Saturday, March 29, 2014

TAMOXIFEN, CANCER, THE BREAST. . . and the power of paying attention

I was serious when I told the medical oncologist that the effects of a month of Tamoxifen were a matter of degree more than any new problems.  And my life was constantly changing; even seeing another new doctor meant one more adjustment.

Now I find myself feeling so much fatigue, and weight, feeling old and walking slower.  I remember having a lot more energy during the weeks of radiation!

I got out my copy of The Immune Power Personality.  Dreyer focuses a lot on paying attention to the body and our life.  He offers a chart we can use to connect a symptom to what's going on in us and to us at the time--emotions, moods, memories, physical sensations, work, relationship, and so on.  I tried the chart long ago, and had trouble staying with it.

But based on the work of Gary E. Schwartz,  former Director of the Yale Psychophysiology Center,  Dreyer has a list of what to look for after we've done that chart for just a week.  I can use these. Here are a few sample questions: 

Do particular symptoms worsen when certain emotions are activated?

Do particular symptoms worsen when certain events take place?

Are particular emotions associated with other physical sensations?

Are certain sensations associated with particular moods?

Do your worst symptoms occur at work?  During interactions with particular individuals?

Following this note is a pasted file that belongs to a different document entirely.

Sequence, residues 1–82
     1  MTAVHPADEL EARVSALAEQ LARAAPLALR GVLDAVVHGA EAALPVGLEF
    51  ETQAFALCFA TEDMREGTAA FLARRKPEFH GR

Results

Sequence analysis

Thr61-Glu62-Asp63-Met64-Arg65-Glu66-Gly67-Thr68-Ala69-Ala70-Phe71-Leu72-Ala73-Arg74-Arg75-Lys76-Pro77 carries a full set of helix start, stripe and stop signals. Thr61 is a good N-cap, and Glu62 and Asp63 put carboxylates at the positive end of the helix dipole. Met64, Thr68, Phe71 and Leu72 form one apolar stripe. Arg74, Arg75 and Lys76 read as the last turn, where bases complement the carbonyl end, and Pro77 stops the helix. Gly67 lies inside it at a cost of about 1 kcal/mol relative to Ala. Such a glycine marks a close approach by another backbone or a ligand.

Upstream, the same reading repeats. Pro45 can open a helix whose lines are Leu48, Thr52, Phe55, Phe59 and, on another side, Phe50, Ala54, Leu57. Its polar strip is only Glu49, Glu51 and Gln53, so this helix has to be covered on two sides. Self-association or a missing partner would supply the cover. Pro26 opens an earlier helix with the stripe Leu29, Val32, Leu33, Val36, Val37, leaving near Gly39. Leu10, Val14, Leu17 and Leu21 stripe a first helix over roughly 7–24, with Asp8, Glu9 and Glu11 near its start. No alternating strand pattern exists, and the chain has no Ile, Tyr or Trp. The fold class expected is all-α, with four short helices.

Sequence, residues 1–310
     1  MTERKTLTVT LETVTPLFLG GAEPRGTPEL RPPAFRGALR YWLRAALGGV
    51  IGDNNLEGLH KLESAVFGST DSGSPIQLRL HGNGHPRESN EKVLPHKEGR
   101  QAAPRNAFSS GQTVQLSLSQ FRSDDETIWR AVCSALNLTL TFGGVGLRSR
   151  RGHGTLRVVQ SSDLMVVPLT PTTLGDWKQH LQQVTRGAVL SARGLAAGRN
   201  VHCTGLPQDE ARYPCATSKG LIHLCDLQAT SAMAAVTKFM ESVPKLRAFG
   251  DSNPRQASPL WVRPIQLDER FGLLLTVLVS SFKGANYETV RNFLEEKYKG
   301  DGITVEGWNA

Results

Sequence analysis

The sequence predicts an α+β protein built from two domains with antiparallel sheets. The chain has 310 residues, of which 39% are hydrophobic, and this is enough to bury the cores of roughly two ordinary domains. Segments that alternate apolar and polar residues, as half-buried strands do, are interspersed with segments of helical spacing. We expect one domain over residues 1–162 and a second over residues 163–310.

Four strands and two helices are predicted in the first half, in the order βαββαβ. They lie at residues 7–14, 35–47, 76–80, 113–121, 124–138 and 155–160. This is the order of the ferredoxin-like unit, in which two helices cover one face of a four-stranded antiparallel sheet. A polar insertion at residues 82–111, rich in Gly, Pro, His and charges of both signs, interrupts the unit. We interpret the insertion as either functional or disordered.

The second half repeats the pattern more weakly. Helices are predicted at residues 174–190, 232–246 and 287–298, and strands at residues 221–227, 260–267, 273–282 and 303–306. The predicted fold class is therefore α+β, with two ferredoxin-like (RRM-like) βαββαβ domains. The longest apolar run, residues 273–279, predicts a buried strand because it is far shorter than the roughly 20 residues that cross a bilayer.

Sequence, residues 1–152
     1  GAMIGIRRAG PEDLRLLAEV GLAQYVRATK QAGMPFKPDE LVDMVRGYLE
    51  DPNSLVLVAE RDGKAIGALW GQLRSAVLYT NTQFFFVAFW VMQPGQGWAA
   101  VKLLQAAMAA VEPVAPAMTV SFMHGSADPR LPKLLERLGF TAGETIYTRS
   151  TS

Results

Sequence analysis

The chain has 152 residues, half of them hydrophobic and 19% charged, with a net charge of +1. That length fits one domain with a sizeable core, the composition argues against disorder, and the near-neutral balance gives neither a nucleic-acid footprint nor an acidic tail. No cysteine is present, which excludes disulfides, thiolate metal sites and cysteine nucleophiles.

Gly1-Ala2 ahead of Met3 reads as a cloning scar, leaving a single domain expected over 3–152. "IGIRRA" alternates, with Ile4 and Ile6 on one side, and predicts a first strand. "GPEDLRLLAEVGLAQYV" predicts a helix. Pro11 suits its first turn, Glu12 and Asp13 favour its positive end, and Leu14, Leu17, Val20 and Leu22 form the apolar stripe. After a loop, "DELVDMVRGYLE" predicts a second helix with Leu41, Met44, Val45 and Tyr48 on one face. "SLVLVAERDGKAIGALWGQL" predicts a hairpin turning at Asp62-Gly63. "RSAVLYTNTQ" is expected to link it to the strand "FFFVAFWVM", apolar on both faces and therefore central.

Could asking these questions be useful even for patients with more immediately dangerous cancers than DCIS?  Even for problems with chemo?  

For me, the list is right on target, and could guide me on what I report at the next oncologist visit.





Friday, March 28, 2014

AVOIDING SOY? - a food find but no solutions

My medical oncologist, as I've mentioned is  actively against anything that says "soy" for women taking Tamoxifen.  I've been reading labels obsessively, eating too many Lara bars, and sometimes feeling hungry.

Today, in the market, I picked up a little carton of split pea soup from Pacific Foods of Oregon (not a name you see in Texas so much.)  I held it up to the light at different angles - no soy on the label.  I picked up another flavor, and another - no soy on those labels either!

And the label on the split pea said the ham is uncured (I guess that's okay since they cook it before it goes in the carton?)   So it doesn't have those nitrates and things --less harmful stuff.

I brought home the "split pea and uncured ham" soup.  It would have been nice to have a pal to share with, since I couldn't get the box to re-close tightly.

That flavor is too peppery for my digestion--but I liked it.  Everybody else in Texas would probably love it. And chunks is a bit optimistic for the bits of ham.   But I liked it enough to buy another flavor soon.

Caution:  it does not say "soy free," just doesn't name soy on the label.  So if you're actually allergic, you'll need more research.  pacificfoods.com

The question is:  Do we just avoid national brands to save time hunting food?   How do women who work avoid soy for lunch?  Live on sandwiches?  Try to fill up on salad?

Be well.

Thursday, March 27, 2014

I HATE PATIENT PORTALS (Yes, a rant)


When I worked for the Navy contractor, editing updates to USN technical publications, I learned a lot.  

The most important, life-changing thing I learned was:  copying something over is a great way to make a mistake.  This includes trying to type things like my ridiculously long doctor-portal address. That's why computers have a copy-paste feature!  To be copied, the address needs to be in the computer.  Since it wasn't emailed to me, it's not in there.

And the danger of typing a mistake goes double for my GI-digestive health patient portal.  Perhaps yours is like mine, with a tiny print, three-and-a-half inch long address, some caps in the user name, and an eight-digit password.  What are the chances of typing this wrong 221 times?  I am not a numbers typist.